Scout’s Lessons That Make Her More Mature
Ones parents and teachers usually try to teach one something one doesn’t want to know. One should listen next time for it might an important lesson. Like ones parents or teachers, the adults in the novel To Kill A Mockingbird try to teach Scout/one that may be important. One lesson learned is to face ones problems. Another is to respect everyone no matter how they differ. A lesson taught is to stand up for what one believes in. Therefore, lessons learned from childhood experiences help children make more mature decisions later.
The lesson of facing ones fears pays off for Scout in the end. After Scout’s unpleasant first day of school, she tries to convince her father, Atticus, to allow her to quit school. They begin the conversation and end with a compromise. Atticus suggests, “If you’ll concede the necessity of going to school, we’ll go on reading every night just as we always have” (Lee 31). The lesson learned is to face ones problems or fears. Atticus does an excellent job of compromising with Scout to get her to face her problem. This lesson is important to know because it helps one move on in life. Before Scout found the chewing gum for the first time, the narrator talked about how she was learning the Dewy Decimal System in class. She states, “The reminder of my school days were no more auspicious than the first” (Lee 32). When the narrator says “school days”, she means the other days of school that she would have been at home if she had gotten her way. The outcome is that she learned new things in class and she grew as a person. This is one example of how children are highly influenced by adults.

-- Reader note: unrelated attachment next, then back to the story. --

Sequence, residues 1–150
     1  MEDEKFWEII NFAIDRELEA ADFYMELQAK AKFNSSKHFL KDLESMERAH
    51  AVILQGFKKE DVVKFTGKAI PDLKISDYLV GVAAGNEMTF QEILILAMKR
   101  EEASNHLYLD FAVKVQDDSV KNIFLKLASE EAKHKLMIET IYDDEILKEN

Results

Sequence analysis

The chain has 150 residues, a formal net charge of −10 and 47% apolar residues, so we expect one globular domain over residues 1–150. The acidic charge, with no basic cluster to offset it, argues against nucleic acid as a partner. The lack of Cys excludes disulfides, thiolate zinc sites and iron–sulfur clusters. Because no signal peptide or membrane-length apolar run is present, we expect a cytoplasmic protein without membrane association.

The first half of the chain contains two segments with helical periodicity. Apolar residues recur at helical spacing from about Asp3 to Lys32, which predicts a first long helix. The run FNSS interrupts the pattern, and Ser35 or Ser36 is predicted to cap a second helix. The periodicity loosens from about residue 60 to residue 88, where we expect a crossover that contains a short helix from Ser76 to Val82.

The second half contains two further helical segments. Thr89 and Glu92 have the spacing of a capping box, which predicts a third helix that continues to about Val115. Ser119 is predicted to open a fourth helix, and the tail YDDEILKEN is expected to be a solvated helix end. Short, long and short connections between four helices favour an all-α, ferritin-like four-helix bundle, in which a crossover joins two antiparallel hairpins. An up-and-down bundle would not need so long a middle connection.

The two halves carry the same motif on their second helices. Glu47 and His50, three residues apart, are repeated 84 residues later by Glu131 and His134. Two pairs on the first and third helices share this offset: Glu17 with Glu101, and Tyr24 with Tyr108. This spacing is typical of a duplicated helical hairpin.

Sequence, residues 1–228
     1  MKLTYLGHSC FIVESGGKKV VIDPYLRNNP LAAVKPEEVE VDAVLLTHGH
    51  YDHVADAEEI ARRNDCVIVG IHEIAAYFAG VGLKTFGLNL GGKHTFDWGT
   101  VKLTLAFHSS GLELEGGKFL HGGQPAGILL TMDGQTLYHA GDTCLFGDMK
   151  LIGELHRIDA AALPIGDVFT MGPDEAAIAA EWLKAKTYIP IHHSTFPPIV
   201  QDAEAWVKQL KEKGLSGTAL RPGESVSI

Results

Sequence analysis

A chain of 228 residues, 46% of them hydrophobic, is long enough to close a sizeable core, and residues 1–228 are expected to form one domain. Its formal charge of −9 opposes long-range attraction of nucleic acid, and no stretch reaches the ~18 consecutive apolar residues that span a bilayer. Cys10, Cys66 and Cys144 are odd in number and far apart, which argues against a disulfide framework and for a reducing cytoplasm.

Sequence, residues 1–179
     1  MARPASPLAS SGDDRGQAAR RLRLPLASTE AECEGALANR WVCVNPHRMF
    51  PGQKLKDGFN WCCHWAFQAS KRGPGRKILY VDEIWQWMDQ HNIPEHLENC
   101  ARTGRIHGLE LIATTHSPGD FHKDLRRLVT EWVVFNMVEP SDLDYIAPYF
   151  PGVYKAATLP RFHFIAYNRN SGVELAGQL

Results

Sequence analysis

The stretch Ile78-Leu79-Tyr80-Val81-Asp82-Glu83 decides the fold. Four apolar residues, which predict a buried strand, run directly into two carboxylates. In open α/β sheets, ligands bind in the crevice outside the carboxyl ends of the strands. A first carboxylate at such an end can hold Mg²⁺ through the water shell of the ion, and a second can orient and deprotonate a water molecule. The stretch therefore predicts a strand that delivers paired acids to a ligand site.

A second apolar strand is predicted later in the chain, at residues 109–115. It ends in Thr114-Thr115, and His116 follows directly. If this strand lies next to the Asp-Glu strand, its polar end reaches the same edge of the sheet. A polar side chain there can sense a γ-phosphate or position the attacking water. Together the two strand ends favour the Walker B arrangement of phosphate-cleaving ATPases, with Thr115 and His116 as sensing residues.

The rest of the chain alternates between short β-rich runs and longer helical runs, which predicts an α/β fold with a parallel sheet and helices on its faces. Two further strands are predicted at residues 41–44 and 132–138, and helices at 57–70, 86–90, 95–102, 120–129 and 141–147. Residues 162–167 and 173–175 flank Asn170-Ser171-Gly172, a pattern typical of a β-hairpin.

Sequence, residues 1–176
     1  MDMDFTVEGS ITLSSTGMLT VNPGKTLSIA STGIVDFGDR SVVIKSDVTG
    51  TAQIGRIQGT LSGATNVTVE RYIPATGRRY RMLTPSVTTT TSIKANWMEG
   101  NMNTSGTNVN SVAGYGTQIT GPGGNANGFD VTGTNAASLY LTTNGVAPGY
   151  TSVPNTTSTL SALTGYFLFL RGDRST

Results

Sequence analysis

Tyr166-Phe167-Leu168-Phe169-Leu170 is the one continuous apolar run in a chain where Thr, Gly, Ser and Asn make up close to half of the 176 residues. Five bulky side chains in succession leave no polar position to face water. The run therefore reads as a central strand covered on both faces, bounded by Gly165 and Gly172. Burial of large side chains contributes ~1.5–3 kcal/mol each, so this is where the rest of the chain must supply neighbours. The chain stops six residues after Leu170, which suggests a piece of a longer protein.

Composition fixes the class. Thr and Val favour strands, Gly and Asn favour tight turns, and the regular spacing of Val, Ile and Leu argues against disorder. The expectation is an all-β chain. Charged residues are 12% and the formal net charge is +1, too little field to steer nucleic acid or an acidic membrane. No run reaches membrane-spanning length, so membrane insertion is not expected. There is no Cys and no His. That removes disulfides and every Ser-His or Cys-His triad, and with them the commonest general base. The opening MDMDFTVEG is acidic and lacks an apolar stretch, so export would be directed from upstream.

Not being prejudiced truly makes for a better, kinder person. While Walter Cunningham was over for dinner, he drenched his plate in syrup. Scout made fun of him for that. Calpurnia pulled her aside so she could speak with Scout privately. Scout tells Calpurnia that Walter doesn’t count as company because he is...
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